I was once assigned to a parish for pastoral exposure. There I met a devout altar server who was always early and served in almost all of the Masses. In one of our Bible sharing sessions, he openly shared about his life in his younger days. I was shocked and terrified, but at the same time, I also felt pity for him. I came to know him better as I listened to his own story. He used to be a gang leader, but his life turned around when he landed in jail. He realized, longed, and aspired for goodness and for God. In that moment of darkness, he gained a full appreciation of light.
In today’s Gospel, Jesus teaches us that we cannot rely on our own judgement on the bad things done by others. It is worse if we are blinded to see the goodness in each person because of all their wrongdoings. God’s standard is incomprehensible compared to man’s. And so, who are we then to limit people’s potentiality when God himself transforms them and allows them to transcend such that great sinners become great saints? Saints Mary Magdalene, Paul and Augustine were just one of the many saints whose lives changed because they felt the incomprehensible love of God.
Pope Francis said, ‘The Church is not a museum of saints but a hospital of sinners.’ So, while we look at, listen to, or witness the sins of others, let them be eye-openers for our own sins. It is also an invitation for us to come closer to God by means of conversion and renewal of our self. It is our opportunity for repentance, practicing humility, confession of our sins, penance and making reparations for them. Conversion always comes knocking on the doors of our hearts to welcome the grace of God.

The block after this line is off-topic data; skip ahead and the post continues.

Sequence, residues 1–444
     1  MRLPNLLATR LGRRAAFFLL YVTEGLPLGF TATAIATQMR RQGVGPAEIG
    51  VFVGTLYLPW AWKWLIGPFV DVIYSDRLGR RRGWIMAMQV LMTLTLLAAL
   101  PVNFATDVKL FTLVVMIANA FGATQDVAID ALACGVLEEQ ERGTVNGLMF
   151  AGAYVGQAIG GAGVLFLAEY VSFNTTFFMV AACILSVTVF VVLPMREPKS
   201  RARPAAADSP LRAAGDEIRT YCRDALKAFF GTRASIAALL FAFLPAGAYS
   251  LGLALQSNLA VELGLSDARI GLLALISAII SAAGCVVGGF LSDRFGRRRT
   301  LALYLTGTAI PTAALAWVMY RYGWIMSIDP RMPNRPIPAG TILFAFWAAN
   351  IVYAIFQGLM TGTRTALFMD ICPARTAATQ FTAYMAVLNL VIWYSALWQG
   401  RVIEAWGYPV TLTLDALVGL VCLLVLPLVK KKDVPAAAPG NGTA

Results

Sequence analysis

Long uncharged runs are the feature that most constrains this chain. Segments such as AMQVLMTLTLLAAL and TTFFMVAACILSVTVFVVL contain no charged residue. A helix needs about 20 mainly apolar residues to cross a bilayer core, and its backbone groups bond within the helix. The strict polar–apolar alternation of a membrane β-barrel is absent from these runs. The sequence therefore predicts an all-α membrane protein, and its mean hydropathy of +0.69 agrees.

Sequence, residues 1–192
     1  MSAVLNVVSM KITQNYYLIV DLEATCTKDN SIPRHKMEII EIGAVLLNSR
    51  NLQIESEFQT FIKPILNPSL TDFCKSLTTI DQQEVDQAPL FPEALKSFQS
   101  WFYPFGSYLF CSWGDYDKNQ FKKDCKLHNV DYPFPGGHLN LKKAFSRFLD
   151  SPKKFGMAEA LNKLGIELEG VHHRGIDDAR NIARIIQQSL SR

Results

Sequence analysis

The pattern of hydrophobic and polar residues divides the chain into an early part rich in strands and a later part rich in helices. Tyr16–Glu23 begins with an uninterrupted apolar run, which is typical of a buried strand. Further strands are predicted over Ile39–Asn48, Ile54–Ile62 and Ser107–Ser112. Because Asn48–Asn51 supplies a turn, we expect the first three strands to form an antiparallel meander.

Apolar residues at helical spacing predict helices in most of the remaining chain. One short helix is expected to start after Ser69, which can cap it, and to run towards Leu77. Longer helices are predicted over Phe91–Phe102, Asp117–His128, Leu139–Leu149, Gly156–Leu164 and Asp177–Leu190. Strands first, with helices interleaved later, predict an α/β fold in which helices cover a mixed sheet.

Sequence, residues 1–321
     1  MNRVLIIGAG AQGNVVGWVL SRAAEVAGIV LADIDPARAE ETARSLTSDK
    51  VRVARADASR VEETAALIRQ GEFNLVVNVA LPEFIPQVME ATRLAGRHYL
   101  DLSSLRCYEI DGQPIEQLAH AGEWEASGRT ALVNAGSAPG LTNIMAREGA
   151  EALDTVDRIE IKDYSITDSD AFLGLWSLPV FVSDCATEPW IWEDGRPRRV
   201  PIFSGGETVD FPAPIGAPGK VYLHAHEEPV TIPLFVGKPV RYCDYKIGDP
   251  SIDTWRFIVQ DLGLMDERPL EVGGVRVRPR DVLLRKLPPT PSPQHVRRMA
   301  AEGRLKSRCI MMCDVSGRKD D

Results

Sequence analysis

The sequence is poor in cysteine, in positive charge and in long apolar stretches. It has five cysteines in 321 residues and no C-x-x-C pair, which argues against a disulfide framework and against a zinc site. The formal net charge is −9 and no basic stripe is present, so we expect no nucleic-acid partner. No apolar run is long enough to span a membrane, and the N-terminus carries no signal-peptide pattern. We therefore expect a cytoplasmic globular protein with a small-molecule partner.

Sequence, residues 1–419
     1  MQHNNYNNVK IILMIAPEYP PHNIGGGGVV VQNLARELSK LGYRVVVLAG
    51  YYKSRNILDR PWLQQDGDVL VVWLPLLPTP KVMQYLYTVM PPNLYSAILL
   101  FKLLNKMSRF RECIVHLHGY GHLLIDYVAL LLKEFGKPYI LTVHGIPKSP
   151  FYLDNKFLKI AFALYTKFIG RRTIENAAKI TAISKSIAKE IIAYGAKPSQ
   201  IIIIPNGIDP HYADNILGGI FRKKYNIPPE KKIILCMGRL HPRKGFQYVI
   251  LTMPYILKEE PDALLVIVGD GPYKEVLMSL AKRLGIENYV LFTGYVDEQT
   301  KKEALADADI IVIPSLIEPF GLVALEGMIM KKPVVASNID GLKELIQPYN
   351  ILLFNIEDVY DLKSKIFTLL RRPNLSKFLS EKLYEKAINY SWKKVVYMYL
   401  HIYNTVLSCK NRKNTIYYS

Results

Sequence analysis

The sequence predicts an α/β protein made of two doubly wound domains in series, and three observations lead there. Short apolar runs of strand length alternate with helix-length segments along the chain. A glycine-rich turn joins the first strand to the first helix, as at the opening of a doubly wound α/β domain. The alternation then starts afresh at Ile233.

As a priest-in-process, it is important to be inspired by the lives and experiences of other people. Why? It is because God’s spirit has been at work in their lives. The conversion of a sinner is worth celebrating because evidently the love of God made it possible. God always makes his grace available for sinners so they could amend their lives and live renewed in Him day after day.
By: Sem. Ace Vergel D. Quilope
The scribes and Pharisees said to Jesus,
“The disciples of John the Baptist fast often and offer prayers,
and the disciples of the Pharisees do the same;
but yours eat and drink.”
Jesus answered them, “Can you make the wedding guests fast
while the bridegroom is with them?
But the days will come, and when the bridegroom is taken away from them,
then they will fast in those days.”
And he also told them a parable.
“No one tears a piece from a new cloak to patch an old one.
Otherwise, he will tear the new
and the piece from it will not match the old cloak.
Likewise, no one pours new wine into old wineskins.
Otherwise, the new wine will burst the skins,
and it will be spilled, and the skins will be ruined.
Rather, new wine must be poured into fresh wineskins.
And no one who has been drinking old wine desires new,
for he says, ‘The old is good.’”